Is college still worth it? A new Pew Research study gives naysayers more reason to question the current higher education system. According to the report, college graduates under 40 with student loan debt have a lower median net worth than their peers who never went to college at all. But Richard Fry, the report’s lead author, is quick to dismiss the idea that college is no longer an important investment. In fact, the same study shows those with bachelor’s degrees earn about twice the income of those without degrees. So why are so many grads lagging behind in terms of wealth accumulation? Some experts argue that the Pew report says less about the value of college as it does about the dangers of skyrocketing student debt — and its widespread economic impact.
Student debt: 7 takeaways from the Pew report
To compile the study, Pew used data from the Survey of Consumer Finances, sponsored by the Federal Reserve Board of Governors and the Department of Treasury. These surveys have historically included up to 6,500 households, and are conducted every three years. In other words, the Pew report is large-scale, and provides a fairly thorough glimpse into how education and debt impact the economic well-being of young workers. Here are several key takeaways from the study:
- College grads with student loan debt have lower median net worth than those without. This difference is not slight, either: $8,700 to $64,700, respectively. The fact that graduates who took out loans to finish school are having a harder time accumulating wealth might be expected, but here’s the kicker:
- Graduates with student debt have lower median net worth than those who never went to college at all. Those who bucked college altogether and went straight into the labor force have a median net worth of $10,900, which is $2,200 more than their student-debt-laden peers. Fry told The Los Angeles Times that this has less to do with earnings than with getting a late start in building their nest eggs. More on this below.
- Those who borrow in college are more likely to take on other debt. College graduates who took student loans carry nearly twice the debt as those who did not — but very little of it is education-related. While the total median indebtedness in this group is $137,010, only $13,000 of that is attributed student loans. The rest comes from other types of debt, particularly car loans and credit cards.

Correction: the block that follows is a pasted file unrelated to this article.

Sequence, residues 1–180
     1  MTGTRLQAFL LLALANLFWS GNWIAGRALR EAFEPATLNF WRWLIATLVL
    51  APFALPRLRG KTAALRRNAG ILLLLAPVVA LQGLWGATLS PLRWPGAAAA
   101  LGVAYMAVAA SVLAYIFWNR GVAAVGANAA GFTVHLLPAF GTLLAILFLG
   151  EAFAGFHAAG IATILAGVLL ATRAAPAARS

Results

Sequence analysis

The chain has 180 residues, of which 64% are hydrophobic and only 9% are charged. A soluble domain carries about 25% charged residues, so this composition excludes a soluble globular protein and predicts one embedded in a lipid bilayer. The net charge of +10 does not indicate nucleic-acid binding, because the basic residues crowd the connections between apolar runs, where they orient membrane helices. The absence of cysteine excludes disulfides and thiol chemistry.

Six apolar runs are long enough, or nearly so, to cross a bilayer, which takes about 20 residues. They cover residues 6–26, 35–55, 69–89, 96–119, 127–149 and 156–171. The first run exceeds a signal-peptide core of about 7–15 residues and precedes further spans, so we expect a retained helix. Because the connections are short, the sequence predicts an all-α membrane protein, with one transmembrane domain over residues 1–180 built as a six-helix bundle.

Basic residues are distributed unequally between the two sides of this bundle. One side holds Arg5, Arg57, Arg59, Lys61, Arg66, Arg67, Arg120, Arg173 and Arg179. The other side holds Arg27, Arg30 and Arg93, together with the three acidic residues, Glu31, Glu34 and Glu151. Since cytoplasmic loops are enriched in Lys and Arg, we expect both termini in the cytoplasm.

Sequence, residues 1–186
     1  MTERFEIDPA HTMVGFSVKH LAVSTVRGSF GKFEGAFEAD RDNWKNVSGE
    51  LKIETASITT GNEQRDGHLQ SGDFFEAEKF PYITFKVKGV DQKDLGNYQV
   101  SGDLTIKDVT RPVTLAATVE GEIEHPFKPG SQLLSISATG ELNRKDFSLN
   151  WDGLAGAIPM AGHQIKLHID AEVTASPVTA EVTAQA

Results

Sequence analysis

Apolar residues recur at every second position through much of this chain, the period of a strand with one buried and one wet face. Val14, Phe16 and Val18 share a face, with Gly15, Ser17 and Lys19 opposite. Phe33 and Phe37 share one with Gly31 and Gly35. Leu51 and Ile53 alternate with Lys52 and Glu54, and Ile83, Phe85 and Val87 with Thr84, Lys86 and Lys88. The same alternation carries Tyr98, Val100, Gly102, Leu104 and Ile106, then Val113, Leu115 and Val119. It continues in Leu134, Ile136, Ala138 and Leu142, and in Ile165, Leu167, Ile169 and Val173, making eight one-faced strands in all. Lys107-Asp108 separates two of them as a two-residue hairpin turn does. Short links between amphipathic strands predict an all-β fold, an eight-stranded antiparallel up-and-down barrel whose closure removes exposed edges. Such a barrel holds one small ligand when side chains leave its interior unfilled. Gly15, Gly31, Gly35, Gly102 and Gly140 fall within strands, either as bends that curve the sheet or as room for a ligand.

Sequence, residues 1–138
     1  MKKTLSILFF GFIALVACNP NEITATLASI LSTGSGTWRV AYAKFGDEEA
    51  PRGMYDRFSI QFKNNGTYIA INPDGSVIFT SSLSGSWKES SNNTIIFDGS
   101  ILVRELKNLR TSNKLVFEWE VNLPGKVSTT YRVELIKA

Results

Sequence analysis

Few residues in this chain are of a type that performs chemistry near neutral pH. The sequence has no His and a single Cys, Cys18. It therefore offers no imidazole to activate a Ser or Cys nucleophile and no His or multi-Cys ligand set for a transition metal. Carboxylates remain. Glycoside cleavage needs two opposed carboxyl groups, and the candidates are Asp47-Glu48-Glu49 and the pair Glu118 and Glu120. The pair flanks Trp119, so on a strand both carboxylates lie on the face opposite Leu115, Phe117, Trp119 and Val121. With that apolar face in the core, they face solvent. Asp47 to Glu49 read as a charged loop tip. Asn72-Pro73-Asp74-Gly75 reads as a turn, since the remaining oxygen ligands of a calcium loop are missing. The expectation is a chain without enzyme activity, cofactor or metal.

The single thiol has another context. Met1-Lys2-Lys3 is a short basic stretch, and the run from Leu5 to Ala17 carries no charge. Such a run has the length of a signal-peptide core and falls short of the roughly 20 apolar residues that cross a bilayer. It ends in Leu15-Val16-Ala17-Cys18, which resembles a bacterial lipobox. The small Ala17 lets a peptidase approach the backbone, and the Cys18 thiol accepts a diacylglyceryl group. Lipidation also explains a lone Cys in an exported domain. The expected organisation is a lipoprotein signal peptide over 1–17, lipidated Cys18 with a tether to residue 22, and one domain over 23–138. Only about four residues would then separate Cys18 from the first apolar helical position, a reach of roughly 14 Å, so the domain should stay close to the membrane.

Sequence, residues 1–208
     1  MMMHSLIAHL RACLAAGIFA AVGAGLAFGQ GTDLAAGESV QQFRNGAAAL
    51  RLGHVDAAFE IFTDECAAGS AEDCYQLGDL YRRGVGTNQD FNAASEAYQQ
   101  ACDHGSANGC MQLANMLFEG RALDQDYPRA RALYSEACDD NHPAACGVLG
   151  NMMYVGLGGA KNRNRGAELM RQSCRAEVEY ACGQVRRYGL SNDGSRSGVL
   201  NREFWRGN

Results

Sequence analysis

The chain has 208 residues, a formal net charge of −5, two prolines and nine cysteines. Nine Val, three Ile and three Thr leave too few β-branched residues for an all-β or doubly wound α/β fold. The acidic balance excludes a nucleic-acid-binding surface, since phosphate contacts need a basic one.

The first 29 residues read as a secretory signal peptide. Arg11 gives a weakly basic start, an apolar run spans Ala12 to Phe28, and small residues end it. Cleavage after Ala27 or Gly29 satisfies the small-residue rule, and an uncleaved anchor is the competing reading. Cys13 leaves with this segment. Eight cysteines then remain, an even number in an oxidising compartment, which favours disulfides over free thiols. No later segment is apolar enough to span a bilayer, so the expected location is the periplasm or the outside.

- The debt-to-income ratio for households with student loans is growing. The opposite is true for those who did not borrow money to complete their educations.
- Student debt correlates with lower financial satisfaction. According to Pew, those with student loans report being less content with their finances, and are less likely to say their investment in college has paid off.
- Student debt does NOT correlate with earnings. The median household income for college grads with loan debt is roughly the same as that of college grads without debt.
- Education still pays. According to Pew, workers with bachelor’s degrees make nearly twice as much as those without, regardless of how they funded their educations.
While the Pew report illustrates a clear relationship between education, debt and financial well-being, it also supports a much more alarming thesis not tackled by the researchers directly: Student debt is a drain on the U.S. economy.
How student loans could sink us all
What killed the American housing market? While one can certainly make a case that risky investors triggered its decline, both The Atlantic and The New York Times suggest student debt is at least partly to blame for its persistent sluggishness — and they believe the Pew data supports this perspective. How? A decade ago, Americans carried about $300 billion in student loan debt. Today, that figure stands at $1.1 trillion and is growing. Overall, 70 percent more students are getting loans and borrowing about twice as much. In the past, higher wages would offset student debt in relatively short order, but that is less true in today’s economy.
What does all of this have to do with the American housing market? The Pew report highlights just how much student debt costs borrowers, both in terms of immediate debt and additional debt later in life. The Atlantic and the Times say this wall of debt has had a devastating impact on a demographic that traditionally constituted the largest share of first-time home-buyers, which has, in turn, had a devastating impact on the housing market — and the economy at large. As the Times put it, those in their 20s and 30s are “the engines” of economic activity. When they suffer, so do the rest of us.
This article was originally published on OnlineDegrees.com.
This article was syndicated from Business 2 Community: The Student Debt Dilemma: How College Loans Are Hurting the Economy
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